Moveon.org has a new ad aimed at female voters urging them to vote out politicians who don’t believe in women’s autonomy over their own bodies as it pertains to contraception, access to abortion and healthcare. It’s a not a new message, and it’s a necessary one. But for heaven’s sake, did they have to be naked?
You can see the ad below:
Sure, I understand the artistic impulse behind the ad. Sure, I understand that in an ad about women’s autonomy over their bodies it makes sense for them to present them unclothed to underscore the point they’re making. Yes, I understand that by being frustrated at these women for taking their clothes off you could make the argument that I am engaging in the same body policing that these women are railing against from politicians. But I still object to the ad, because I think it’s counterproductive. Here’s why:
1. This is nothing new.
At a certain point, there have to be diminishing returns on the “women getting naked to make a political argument” concept, since it’s been around a long time. Remember this?
Or, more objectionably, this?
Regarding the PETA ads, you might there’s some equality there since they also run ads featuring nude men. But the ad above is substantially different from the one below, featuring, as it does, a nude female body in a public place, in contrast to a torso-and-up shot of a man that wouldn’t be out of place if seen on the street on a particularly hot day.
2. Using women’s bodies in this way reduces them to just that — bodies.
It’s true that politicians have very little business telling women what to do with their own bodies, but women are not just bodies. They have whole brains and hearts separate from their breasts, uteruses, and vaginas, and presenting women making political arguments as a collection of bodies reduces them to their physical makeup in a way that is counterproductive to the message they’re trying to send. Of course women should have control over what happens to them physically, because they are smart and capable and so much more than their physical forms. Why do they need to be naked in order to clearly communicate that idea?
3. I just don’t believe these ads are for other women.
The headline above this ad on the MoveOn site reads “Every Woman You Know Needs To See This Powerful Message From Several Mostly Naked Ladies.” I find it hard to believe that this ad is for women by other women, simply because women already understand this issue — they already live in those bodies, so reminding them “Hey! This is about Your Ladyparts!” doesn’t really need to be underscored by the visual cue of a bunch of other nude ladies. I suppose you could make the argument that some women might like the suggestion of nudity/looking at women without their clothes on just as much as men do, but then you have to concede that the point of the ad is to titillate the viewer, and I don’t think that’s what MoveOn believes they are doing.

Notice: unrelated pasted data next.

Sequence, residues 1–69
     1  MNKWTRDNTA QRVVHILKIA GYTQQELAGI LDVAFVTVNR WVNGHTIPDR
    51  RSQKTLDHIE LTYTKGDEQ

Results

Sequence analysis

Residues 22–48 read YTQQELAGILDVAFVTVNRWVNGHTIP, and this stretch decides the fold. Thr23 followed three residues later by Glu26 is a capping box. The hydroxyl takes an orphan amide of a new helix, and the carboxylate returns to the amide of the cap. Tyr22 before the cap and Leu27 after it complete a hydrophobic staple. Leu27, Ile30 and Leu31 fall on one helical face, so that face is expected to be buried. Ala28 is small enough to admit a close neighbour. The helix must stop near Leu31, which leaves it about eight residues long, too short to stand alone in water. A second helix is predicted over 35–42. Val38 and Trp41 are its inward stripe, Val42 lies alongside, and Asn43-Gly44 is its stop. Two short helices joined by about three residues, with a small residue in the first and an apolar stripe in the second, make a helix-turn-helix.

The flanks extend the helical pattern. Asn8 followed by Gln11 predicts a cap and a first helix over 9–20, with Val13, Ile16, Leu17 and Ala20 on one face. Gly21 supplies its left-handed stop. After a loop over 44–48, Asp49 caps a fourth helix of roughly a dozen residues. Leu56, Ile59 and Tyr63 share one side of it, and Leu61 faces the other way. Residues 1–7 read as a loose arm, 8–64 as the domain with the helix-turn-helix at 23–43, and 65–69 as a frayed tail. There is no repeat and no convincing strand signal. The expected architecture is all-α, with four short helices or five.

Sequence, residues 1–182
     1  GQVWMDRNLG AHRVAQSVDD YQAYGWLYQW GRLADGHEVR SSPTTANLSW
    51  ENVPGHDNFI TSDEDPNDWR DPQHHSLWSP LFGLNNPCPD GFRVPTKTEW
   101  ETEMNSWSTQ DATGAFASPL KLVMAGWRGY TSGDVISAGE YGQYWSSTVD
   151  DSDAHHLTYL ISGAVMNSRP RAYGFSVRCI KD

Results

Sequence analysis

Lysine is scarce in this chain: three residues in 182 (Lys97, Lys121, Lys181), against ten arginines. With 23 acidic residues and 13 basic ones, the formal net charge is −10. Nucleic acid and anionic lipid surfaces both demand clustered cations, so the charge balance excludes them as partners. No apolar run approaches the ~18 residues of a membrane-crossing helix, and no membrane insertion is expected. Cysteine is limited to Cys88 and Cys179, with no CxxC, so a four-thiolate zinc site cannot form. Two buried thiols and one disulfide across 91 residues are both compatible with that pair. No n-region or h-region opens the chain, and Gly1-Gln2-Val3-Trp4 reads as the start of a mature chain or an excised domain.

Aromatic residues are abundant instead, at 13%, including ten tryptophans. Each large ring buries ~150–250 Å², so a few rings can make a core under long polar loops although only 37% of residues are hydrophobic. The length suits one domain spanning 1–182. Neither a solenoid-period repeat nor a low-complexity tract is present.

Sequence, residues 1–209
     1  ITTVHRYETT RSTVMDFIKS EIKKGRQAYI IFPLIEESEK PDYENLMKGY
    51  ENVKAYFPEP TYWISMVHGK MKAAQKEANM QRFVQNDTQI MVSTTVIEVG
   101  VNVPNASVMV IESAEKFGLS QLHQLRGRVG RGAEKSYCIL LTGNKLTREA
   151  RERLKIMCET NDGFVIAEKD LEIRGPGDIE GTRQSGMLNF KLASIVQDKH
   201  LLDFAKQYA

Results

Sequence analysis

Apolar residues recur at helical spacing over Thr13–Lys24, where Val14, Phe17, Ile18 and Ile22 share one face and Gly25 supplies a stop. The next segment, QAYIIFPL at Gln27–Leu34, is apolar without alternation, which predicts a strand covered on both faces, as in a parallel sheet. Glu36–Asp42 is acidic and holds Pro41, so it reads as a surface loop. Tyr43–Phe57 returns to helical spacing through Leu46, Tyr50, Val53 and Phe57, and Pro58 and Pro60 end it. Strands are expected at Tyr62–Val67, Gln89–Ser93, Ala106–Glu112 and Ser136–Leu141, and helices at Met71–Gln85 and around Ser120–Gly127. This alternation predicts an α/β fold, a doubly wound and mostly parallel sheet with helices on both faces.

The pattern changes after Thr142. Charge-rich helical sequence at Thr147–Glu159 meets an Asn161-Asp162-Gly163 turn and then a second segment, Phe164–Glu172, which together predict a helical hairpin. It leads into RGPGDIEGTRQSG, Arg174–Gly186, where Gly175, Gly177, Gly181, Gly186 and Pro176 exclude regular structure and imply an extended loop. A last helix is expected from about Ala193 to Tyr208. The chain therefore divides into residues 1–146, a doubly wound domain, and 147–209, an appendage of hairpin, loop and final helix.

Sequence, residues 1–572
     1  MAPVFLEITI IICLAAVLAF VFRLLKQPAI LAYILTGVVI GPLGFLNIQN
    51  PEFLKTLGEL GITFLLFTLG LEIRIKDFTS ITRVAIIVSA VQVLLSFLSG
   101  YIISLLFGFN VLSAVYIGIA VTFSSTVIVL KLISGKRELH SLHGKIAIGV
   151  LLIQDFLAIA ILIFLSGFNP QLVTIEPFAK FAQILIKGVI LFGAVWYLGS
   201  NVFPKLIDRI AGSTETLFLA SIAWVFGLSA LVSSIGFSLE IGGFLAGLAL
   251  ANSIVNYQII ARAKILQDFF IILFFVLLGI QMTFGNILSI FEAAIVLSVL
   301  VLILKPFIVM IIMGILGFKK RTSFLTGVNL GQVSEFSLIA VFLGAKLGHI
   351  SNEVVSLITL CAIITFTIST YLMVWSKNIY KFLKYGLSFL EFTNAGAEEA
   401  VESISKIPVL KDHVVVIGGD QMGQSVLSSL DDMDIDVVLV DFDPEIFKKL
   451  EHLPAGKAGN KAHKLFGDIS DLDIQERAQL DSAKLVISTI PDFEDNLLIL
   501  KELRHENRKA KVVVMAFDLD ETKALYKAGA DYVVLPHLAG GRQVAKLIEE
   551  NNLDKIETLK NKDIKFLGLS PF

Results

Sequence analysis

The image of the female body is used to sell so many things already, and it does so by creating desire in the viewer. I understand the impulse to do something shocking and extreme to get one’s point across, but couldn’t it be something that leaves sexualizing women’s bodies in order to sell something (in this case, a political message) out of it?
4. Women can choose their choices, but those choices have consequences.
I don’t know the women who participated in this ad, and I am sure that many of them felt empowered by their role in it. That’s a valid feeling, and if that is their stance then I am happy for them. But I felt depressed watching it, because it feels like women are being brought to the table to discuss the politicization of their bodies in a way that continues to denude them of their voices and convictions, which should be all they need to make their point.
Think about an issue in which an ad featuring naked men covered by signs would make sense. It doesn’t, right? Reducing men to their physical forms to talk about a political issue is an absurd idea. I just wish that we could reach the point where the same was true for women.
Reprinted with permission from The Jane Dough.